Book review: The Earthspinner by Anuradha Roy
Another little gem from Anuradha Roy, THE EARTHSPINNER (Hachette Books) traces the troubled path of potter Elango in the Kummarrapet basti somewhere in the Deccan,. He has the temerity to fall in love with a Muslim girl Zohra, and what`s more, to sculpt a large terracotta horse as attribute to what they think is their clandestine love. The horse is a thing of beauty and Elango gets Zohra`s blind calligrapher grandfather to write in Urdu all along its body, rendering it even more an object of magic.
The book contains the stories of the narrator Sara and her family, how she grows apart from her sister Tia, how their father dies, leaving them lost and forever grieving. There are the stories of the eternally simmering suspicions between people of different communities in the basti. There are beautiful descriptions of potters at work. There is the story of Sara`s years as a student in England. There is the evocative story of Chinna the dog, who had been Tashi in an earlier time and whose previous owner is still searching for him.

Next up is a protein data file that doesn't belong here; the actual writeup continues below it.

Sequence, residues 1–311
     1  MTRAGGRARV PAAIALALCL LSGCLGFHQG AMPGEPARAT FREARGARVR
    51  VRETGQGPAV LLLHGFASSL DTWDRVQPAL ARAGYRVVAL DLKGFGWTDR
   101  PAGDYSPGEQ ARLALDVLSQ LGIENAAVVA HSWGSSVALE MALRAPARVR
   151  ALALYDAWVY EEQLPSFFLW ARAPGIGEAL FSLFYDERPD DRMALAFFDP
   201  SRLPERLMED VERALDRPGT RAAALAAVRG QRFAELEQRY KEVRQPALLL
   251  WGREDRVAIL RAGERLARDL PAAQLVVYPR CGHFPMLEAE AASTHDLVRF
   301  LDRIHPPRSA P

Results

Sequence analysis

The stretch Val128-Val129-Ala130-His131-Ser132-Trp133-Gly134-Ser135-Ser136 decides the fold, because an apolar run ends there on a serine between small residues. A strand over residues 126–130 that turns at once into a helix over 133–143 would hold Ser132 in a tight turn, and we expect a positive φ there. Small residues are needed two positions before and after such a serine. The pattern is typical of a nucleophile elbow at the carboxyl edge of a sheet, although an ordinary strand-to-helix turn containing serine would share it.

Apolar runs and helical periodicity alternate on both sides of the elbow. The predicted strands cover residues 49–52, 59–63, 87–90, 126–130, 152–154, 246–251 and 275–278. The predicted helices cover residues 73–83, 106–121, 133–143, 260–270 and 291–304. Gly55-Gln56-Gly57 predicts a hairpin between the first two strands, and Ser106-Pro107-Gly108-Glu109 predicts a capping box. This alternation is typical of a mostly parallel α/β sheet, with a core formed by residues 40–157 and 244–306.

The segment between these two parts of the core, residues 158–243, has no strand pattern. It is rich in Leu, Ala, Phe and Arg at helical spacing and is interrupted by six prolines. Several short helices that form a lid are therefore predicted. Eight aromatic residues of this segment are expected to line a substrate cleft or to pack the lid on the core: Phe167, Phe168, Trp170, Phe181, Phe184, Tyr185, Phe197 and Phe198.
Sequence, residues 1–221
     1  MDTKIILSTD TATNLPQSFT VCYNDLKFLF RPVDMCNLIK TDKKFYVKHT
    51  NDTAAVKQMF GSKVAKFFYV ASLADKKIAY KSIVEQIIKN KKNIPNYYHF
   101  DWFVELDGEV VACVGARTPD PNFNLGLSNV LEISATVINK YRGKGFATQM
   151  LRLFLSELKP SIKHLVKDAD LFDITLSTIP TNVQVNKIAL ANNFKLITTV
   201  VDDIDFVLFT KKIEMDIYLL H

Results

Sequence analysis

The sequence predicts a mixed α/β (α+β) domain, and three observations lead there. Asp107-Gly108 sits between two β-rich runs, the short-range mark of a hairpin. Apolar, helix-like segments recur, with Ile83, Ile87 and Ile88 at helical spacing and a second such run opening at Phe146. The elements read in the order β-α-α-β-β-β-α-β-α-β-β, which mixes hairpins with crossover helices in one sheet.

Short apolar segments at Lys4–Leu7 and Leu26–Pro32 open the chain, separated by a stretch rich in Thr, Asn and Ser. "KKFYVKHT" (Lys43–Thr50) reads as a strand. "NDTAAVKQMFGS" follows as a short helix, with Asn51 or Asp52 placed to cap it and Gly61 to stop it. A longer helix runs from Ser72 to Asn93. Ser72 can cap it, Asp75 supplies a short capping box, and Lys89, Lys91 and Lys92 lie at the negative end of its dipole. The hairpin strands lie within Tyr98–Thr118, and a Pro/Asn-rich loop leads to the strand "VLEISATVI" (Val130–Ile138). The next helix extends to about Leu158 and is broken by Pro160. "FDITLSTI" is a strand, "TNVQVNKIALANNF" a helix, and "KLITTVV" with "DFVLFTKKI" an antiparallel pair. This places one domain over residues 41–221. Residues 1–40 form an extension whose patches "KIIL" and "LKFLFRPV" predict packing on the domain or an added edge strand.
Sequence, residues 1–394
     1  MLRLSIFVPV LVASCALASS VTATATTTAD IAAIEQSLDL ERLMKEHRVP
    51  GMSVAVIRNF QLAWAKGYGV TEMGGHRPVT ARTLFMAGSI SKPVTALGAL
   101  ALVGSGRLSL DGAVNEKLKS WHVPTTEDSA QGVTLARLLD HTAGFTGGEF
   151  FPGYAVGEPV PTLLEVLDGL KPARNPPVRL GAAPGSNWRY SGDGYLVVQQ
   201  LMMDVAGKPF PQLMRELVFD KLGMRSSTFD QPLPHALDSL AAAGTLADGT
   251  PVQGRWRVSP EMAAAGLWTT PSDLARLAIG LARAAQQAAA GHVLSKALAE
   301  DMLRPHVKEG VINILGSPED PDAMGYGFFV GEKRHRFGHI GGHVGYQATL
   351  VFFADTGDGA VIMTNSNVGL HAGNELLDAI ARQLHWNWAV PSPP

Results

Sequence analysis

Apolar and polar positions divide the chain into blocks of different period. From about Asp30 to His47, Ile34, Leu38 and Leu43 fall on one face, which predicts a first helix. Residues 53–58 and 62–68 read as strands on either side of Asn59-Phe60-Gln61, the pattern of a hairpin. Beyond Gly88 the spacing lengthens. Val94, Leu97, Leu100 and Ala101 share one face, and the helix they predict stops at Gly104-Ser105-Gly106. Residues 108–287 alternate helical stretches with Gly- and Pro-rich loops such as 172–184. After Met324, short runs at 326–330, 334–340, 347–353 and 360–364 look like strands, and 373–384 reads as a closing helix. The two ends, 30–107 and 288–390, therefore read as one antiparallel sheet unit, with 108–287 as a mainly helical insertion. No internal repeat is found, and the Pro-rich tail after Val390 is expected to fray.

But at the core, there is the Hindu-Muslim relationship, and of course the majority community will not countenance such a thing. And so peace is broken into a million little shards, clay pots are shattered.
How they attempt to wreck the lives of Elango and Zohra, as watched and narrated by Elango`s young apprentice of sorts Sara, is a tale typical of Roy. You know how it`s going but the trajectory of the story still surprises you. You wish for some distance between reader and characters so you don’t have to feel for them, but of course you are drawn into the maelstrom of events helplessly, compulsively.
Every few years Anuradha Roy gives us these poignant stories and as a blurb on the cover of the book says: this is why you read fiction at all.